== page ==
This proposal supports the creation of the infrastructure required for robust and safe pulmonary magnetic resonance imaging (MRI) in the pediatric patient population. Pediatric lung disease is challenging to evaluate and treat because existing tools for measuring disease severity are inadequate. Spirometry, including infant pulmonary function tests (PFTs), has been shown to be inadequate for the assessment of mild lung disease, especially in cystic fibrosis (CF) where X-ray CT and chest radiography have played an increasing role despite their use of ionizing radiation. Bronchopulmonary dysplasia (BPD), also diagnosed based on abnormal radiographic findings is a disease of prematurity, affecting at least 30% of babies born before 32 weeks with birth weights <1000g. In animal models of BPD, alveolarization and vascularization of the lung is arrested, resulting in poorly organized gas exchange units. However, non-invasive assessment of underlying structural and functional changes in BPD and other early lung diseases is not easily performed without using X-ray or radionuclide-based imaging methods that have limited sensitivity and spatial resolution. Childhood asthma is another, more prevalent disease, for which conventional lung function tests are insensitive due to the child's difficulty performing the necessary respiratory maneuvers and their insensitivity to early disease progression. Recent advances in pulmonary MRI have enabled functional imaging of ventilation in childhood asthma using novel fast MRI methods during single bolus delivery of hyperpolarized 3He gas, an inert noble gas of limited supply. Similar advances using 129Xe, a trace gas in the atmosphere, have been applied to lung MRI in adult asthma and COPD and promise a more widely available alternative to 3He. In addition, advances in radial MRI have markedly improved water proton signal from lung structures not previously detected to visualize parenchymal and airway structures and tissue perfusion. Thus, for the first time a clinically viable MRI protocol capable of imaging lung structure and function s available. The overall goal of this proposal is to translate this protocol into the clinic for reserch and validation in pediatric lung diseases.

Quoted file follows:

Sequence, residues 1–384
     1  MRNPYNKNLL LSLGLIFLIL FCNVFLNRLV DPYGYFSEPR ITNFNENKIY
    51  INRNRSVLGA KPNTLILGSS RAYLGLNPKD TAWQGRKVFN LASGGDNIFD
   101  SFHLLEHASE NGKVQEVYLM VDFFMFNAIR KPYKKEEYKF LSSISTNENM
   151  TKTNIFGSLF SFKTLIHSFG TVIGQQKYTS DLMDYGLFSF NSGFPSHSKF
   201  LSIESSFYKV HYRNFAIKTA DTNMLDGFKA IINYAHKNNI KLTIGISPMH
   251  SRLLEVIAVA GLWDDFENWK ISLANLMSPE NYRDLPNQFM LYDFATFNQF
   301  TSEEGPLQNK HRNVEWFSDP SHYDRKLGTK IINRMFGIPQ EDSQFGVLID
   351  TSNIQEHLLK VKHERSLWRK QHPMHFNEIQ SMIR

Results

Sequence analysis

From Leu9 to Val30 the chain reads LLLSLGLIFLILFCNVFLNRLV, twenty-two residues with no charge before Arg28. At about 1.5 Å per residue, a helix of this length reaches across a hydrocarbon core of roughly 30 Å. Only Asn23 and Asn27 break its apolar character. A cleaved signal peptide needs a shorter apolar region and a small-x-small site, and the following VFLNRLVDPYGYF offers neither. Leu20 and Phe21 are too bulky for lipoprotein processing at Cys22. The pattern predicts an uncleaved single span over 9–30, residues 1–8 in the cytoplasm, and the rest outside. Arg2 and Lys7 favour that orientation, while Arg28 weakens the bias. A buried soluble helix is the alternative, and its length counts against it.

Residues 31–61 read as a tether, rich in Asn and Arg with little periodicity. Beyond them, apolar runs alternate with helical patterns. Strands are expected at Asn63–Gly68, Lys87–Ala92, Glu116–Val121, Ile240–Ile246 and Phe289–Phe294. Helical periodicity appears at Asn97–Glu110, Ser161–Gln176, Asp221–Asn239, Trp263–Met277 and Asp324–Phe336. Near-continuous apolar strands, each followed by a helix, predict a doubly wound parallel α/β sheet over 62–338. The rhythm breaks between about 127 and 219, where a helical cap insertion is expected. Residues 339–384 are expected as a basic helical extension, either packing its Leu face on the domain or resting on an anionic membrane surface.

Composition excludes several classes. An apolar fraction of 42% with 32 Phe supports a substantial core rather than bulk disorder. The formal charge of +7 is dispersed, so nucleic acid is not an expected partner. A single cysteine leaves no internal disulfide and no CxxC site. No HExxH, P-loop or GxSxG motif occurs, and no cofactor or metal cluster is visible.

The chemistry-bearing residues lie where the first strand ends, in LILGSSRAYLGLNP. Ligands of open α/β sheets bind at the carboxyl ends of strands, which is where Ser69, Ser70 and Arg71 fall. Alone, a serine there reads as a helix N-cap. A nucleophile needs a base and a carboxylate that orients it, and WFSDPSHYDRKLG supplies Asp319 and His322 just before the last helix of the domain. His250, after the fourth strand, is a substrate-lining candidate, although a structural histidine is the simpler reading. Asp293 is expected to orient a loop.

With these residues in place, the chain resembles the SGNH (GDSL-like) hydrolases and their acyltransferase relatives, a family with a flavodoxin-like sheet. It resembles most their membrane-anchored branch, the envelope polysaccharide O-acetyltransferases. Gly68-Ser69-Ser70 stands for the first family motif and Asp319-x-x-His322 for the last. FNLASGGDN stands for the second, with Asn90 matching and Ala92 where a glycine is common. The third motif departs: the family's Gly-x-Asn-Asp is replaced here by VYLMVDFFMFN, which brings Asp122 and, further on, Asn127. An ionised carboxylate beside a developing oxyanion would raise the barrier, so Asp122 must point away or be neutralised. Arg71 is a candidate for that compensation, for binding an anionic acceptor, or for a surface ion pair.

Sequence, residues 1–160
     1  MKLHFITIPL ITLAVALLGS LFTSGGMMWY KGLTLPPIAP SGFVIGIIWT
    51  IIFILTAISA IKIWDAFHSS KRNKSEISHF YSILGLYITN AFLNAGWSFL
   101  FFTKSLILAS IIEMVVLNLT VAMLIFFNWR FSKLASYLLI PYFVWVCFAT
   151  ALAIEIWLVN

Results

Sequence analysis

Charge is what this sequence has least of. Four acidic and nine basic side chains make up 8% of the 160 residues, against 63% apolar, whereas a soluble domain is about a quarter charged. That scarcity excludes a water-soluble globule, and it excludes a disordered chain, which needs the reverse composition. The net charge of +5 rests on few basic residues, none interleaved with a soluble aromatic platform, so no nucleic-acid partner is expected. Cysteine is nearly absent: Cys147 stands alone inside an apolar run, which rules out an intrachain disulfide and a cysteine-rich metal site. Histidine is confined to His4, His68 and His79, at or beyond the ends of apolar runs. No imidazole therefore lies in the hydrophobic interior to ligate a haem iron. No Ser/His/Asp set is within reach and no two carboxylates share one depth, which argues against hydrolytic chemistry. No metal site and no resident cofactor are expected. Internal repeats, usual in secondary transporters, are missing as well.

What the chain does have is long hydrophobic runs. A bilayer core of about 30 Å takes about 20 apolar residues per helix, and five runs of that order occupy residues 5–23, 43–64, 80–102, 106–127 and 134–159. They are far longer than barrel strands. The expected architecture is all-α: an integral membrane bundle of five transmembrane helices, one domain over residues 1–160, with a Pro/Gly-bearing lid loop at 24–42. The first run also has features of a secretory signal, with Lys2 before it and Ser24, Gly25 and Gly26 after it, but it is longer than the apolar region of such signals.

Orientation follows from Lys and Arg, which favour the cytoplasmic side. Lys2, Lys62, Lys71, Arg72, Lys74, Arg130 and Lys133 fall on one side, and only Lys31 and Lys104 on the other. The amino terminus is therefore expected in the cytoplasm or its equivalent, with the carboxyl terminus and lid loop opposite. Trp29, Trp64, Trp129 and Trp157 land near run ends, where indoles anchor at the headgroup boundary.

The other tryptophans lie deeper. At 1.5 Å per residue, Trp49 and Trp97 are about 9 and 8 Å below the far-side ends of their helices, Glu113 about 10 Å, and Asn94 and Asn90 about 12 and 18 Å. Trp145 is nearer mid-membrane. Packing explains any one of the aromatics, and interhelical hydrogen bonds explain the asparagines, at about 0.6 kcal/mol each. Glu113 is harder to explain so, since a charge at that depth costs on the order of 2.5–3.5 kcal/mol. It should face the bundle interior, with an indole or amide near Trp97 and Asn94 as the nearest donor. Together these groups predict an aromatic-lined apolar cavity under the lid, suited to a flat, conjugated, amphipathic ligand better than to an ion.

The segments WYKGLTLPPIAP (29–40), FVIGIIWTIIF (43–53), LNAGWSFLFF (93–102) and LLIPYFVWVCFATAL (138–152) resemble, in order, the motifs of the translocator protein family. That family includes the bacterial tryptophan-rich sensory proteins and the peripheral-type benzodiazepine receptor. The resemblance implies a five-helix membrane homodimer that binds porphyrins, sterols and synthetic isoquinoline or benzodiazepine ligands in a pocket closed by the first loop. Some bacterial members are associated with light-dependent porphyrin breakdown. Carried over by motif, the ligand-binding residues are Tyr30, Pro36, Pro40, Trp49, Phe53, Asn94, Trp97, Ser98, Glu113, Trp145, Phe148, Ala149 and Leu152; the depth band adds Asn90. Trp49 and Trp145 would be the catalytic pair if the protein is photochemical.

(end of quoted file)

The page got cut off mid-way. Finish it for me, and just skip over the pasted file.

The Specific Aims of the proposal are: 1. To develop the clinical infrastructure for pediatric lung MRI in the University of Wisconsin Department of Radiology inclusive of upgraded hardware on a new MR750w for multi- nuclear spectroscopy with 8 receiver channels, a cost and time-efficient commercial 129Xe gas polarizer to enable safe production and administration of gas, and a pediatric chest RF-coil designed for imaging both water protons and 129Xe gas under free breathing conditions for structure-function comparison, and 2. To apply ventilation/perfusion MRI to clinical research investigations of early disease in asthma, CF, and BPD, while supporting ongoing studies of adult lung disease and expansion to new opportunities.